How, where and why cuts are hitting disabled and ill people
Today (11 May 2011) Ekklesia is highlighting the contents of a research paper which maps out the contours of the government's revolution in Britain’s benefits and welfare system - one that hits the most vulnerable worst.
'Betraying disabled people and welfare', by Karen McAndrew (http://www.ekklesia.co.uk/node/14675), was published on our website in the run-up to the Hardest Hit protests (http://www.ekklesia.co.uk/node/14739). But we are launching it deliberately to coincide with the march in London - because the voices and lives of disabled and sick people are the ones that should really count.
As Scotland's Poverty & Truth Commission (http://povertytruthcommission.blogspot.com/) has expressed it, with a motto taken from post-apartheid South Africa: "nothing about us without us is for us". That is, poverty and injustice will never be truly addressed until those who experience it firsthand are at the heart of the process. Not remote millionaires prodding calculators in the Cabinet Room, suggesting that taking from those with least and protecting those with most is 'unavoidable'.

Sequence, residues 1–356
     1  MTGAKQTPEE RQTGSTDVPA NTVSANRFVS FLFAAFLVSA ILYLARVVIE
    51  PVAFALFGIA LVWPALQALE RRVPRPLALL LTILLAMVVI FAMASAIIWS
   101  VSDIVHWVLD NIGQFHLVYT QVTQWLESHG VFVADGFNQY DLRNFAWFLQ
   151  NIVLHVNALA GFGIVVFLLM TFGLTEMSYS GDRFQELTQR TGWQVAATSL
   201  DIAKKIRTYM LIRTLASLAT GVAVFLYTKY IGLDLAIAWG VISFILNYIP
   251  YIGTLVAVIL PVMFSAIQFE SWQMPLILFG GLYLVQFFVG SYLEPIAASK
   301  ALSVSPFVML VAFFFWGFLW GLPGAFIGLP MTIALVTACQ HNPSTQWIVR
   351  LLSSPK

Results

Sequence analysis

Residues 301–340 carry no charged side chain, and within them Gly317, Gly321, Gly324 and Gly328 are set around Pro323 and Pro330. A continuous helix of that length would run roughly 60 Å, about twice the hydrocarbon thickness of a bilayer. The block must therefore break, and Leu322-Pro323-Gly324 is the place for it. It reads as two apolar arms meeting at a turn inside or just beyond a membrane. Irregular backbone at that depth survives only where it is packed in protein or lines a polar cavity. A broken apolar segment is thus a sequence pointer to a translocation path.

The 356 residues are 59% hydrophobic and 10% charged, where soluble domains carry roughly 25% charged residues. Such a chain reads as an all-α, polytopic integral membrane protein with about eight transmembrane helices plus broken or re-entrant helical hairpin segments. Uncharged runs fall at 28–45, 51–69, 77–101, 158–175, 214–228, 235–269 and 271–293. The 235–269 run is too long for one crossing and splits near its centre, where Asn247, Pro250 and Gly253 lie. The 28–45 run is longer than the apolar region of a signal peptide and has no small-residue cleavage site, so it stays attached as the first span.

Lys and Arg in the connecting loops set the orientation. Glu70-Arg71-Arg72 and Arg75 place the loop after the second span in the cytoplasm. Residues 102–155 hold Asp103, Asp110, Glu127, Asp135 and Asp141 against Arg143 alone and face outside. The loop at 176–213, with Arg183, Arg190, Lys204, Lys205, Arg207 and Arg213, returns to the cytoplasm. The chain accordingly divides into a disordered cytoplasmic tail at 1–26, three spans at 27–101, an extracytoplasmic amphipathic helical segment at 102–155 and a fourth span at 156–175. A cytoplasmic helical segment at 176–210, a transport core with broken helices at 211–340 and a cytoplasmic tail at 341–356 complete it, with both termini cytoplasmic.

For the evidence that Karen McAndrew examines and evaluates in her article indicates that, far from enabling and supporting sick and disabled people, the changes and cuts the UK government is making – disguised by a superficial rhetoric of compassion and empowerment, and eased by ungrounded prejudices stoked in sections of the media – are causing real harm and destroying the fabric of national care and genuine opportunity.
Putting human impact centre stage, this paper sets out disturbing evidence that disabled people are being betrayed, the public misled, and the welfare system endangered. Here is yet more indication that the 'Big Society' is punishing the most vulnerable and eschewing social justice, by making cuts and implementing an inadequate patchwork of policies whereby under-resourced voluntarism cannot substitute for official, statutory neglect.
Read the full research article here: http://www.ekklesia.co.uk/node/14675
© Simon Barrow is co-director of Ekklesia.
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